WTF and other unnecessaries
I have a problem with obscenity. It's lost its punch. And that's a shame.
There was a time when Anglo-Saxonisms raised a few eyebrows. When the words were so shocking in print that one had to take notice. Now they're used so indiscriminately in every publication, online forum, and political discourse that they've stopped being, well... useful.
Time past and time present
In the past (and mine's long), one could always rely on certain people to incorporate expletives any time that they opened their mouths. They were usually the people you would never introduce to your children or to anyone you cared about. And they weren't necessarily stupid -- at least not in terms of IQ. But they were deaf and blind to the norms of society, or they simply didn't care what people thought. And that's fine. But they wouldn't get invited out to dinner. Then or now.
Comedy may be to blame. Beginning with the likes of Moms Mabley and Lenny Bruce and, after them, George Carlin and Richard Pryor, swearing was shorthand for whupping the establishment upside the head. And it was, for the most part, very funny. Yet, today, it seems that nothing is considered to be comedy unless it's obscene... or uttered by Ellen DeGeneres, who seems to avoid all those four-letter words and can still be hysterical. (Bill Cosby avoided them, too, but... let's not discuss him at this point.)
Then there were the Reagan years when funds for education were considered less important. Just like air traffic controllers. And that led to books on the dumbing down of America and to the exasperation of teachers who would rather reclassify Black English as acceptable (Ebonics) than try to instruct standard English to their inner city kids.
Today (and it depends on which study you read), America ranks somewhere in the range of seventeenth to twenty-third in terms of students' math and reading scores. We've gone from "The G.E. College Bowl" to "Are You Smarter Than A Fifth Grader" (and judging by the latter show, too many contestants would not have advanced to sixth grade). And, in the process of being less smart, vocabulary's gone out of style.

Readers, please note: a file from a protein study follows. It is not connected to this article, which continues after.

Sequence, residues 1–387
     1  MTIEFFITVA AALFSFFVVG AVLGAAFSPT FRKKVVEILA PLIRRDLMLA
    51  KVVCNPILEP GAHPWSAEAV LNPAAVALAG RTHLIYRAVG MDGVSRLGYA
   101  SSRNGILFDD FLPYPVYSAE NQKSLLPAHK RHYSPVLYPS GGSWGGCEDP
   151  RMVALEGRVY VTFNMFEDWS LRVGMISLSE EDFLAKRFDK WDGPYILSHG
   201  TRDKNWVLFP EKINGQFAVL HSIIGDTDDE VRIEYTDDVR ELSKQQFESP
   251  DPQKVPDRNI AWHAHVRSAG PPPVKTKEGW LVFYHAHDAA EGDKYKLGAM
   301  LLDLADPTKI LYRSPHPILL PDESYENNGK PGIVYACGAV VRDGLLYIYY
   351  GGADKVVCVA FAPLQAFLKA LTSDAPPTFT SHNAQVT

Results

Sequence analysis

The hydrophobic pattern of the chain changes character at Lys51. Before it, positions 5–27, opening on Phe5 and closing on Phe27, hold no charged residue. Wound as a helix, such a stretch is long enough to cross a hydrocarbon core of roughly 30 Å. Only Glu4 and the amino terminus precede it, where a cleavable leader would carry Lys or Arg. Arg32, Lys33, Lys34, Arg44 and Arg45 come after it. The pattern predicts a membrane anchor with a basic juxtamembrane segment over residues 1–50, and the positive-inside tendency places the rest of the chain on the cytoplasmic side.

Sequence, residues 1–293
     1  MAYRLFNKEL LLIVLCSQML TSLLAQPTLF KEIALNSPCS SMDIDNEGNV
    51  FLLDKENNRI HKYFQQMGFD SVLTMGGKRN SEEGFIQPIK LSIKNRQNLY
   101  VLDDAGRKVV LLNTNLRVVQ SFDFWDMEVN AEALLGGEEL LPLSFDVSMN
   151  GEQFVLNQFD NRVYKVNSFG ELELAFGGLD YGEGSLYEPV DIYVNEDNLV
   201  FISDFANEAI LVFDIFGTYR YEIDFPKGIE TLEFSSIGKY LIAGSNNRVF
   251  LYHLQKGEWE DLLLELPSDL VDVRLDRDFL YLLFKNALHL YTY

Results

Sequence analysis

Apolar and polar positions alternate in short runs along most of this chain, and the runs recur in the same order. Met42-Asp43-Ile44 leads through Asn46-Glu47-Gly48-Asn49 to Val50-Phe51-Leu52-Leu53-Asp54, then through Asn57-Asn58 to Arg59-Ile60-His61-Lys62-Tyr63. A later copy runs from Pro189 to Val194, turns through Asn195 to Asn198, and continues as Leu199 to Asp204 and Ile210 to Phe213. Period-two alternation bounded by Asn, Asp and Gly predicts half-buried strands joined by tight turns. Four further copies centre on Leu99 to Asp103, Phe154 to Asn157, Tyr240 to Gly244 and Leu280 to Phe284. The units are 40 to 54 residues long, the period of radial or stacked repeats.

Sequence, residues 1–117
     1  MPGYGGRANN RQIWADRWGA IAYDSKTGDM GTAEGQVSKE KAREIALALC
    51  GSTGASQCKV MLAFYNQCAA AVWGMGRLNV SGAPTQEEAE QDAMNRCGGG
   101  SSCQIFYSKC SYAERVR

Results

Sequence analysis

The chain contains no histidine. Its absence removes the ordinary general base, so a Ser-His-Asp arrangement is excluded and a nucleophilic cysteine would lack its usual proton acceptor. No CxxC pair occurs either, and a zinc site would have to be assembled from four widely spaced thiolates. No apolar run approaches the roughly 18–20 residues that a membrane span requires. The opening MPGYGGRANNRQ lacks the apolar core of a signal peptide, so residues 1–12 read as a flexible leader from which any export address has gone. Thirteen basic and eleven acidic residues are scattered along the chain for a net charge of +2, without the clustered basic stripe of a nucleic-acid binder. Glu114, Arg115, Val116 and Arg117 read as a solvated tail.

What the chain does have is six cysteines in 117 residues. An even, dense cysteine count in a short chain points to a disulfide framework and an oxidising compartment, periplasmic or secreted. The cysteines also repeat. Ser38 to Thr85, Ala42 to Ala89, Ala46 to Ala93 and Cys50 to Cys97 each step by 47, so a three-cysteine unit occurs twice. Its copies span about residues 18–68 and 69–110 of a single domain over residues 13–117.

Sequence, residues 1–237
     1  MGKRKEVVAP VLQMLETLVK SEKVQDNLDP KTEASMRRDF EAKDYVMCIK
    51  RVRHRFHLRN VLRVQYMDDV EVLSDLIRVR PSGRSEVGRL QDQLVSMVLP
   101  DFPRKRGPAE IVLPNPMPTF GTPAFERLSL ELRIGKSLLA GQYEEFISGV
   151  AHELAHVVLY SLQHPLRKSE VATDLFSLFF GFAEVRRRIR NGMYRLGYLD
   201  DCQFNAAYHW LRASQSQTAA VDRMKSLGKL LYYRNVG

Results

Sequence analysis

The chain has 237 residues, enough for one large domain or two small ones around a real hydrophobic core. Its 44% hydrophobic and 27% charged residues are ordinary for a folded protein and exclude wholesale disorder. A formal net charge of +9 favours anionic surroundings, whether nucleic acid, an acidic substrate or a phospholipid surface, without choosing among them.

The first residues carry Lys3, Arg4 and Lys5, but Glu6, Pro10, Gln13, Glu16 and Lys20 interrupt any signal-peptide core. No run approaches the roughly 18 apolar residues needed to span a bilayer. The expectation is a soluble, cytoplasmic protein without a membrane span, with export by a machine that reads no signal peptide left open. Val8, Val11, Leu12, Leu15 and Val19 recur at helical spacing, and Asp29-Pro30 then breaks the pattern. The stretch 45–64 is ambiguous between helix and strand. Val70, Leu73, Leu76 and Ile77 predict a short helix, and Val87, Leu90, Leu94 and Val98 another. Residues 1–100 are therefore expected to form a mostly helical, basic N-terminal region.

Along with it went precision and incisiveness and wit. This exchange between two 18th Century Englishmen (the actual speakers are the subject of dispute)
"You, sir, will certainly either die upon the gallows or of a social disease."
"That depends, sir, upon whether I embrace your principles or your mistress."is as likely to happen today as it would be for our current President to know how to use more than 200 words.
Easy and/or lazy
So when I see "WTF" in the title of a series explaining new digital concepts or when expletives appear where they don't add a thing to someone's comments, their inclusion makes me sigh. But it's not because I find the words offensive. It's because it shows a total lack of interest in the power of English.
English, I admit, is a thief. It contains more than a million words because it glibly stole so many from innumerable languages. That gives it more than a million opportunities to speak and write with clarity, precision, and strength. But, more and more, nobody does.
It's easy (or lazy) to pepper your discourse with words that, before now, were forbidden in what's called polite society. But maybe that's the sobering, sorrowful truth: our society's no longer polite. We'd rather call the folks we disagree with something rude than take the time and skill to reply with an alternative, persuasive point of view.
Do not go
My current peeve involves the phrase "go missing." "Missing" is not a destination. It is not an activity. But it is a state of (non)being. You can vanish, disappear, and be missing, but you can't "go." You also can't go extinct (though that's where English language skill seems headed). You become it.
As Mr Higgins said in desperation about our cousins across the sea, "Use proper English, you're regarded as a freak. Oh, why can't the English learn to speak."
Like the old riddle that asks, "What's a four letter word that means intercourse?" it would be nice to think that most could provide the non-vulgar reply. My fear is that most people can't.
So, please, consider this. The next time you're ready to utter or write, "Kyle is so fucking stupid," the grammatical interpretation of which is that he's stupid about coitus, you might, instead, say that "You could put Kyle's brain in a thimble and have enough room to use the thing as a maraca."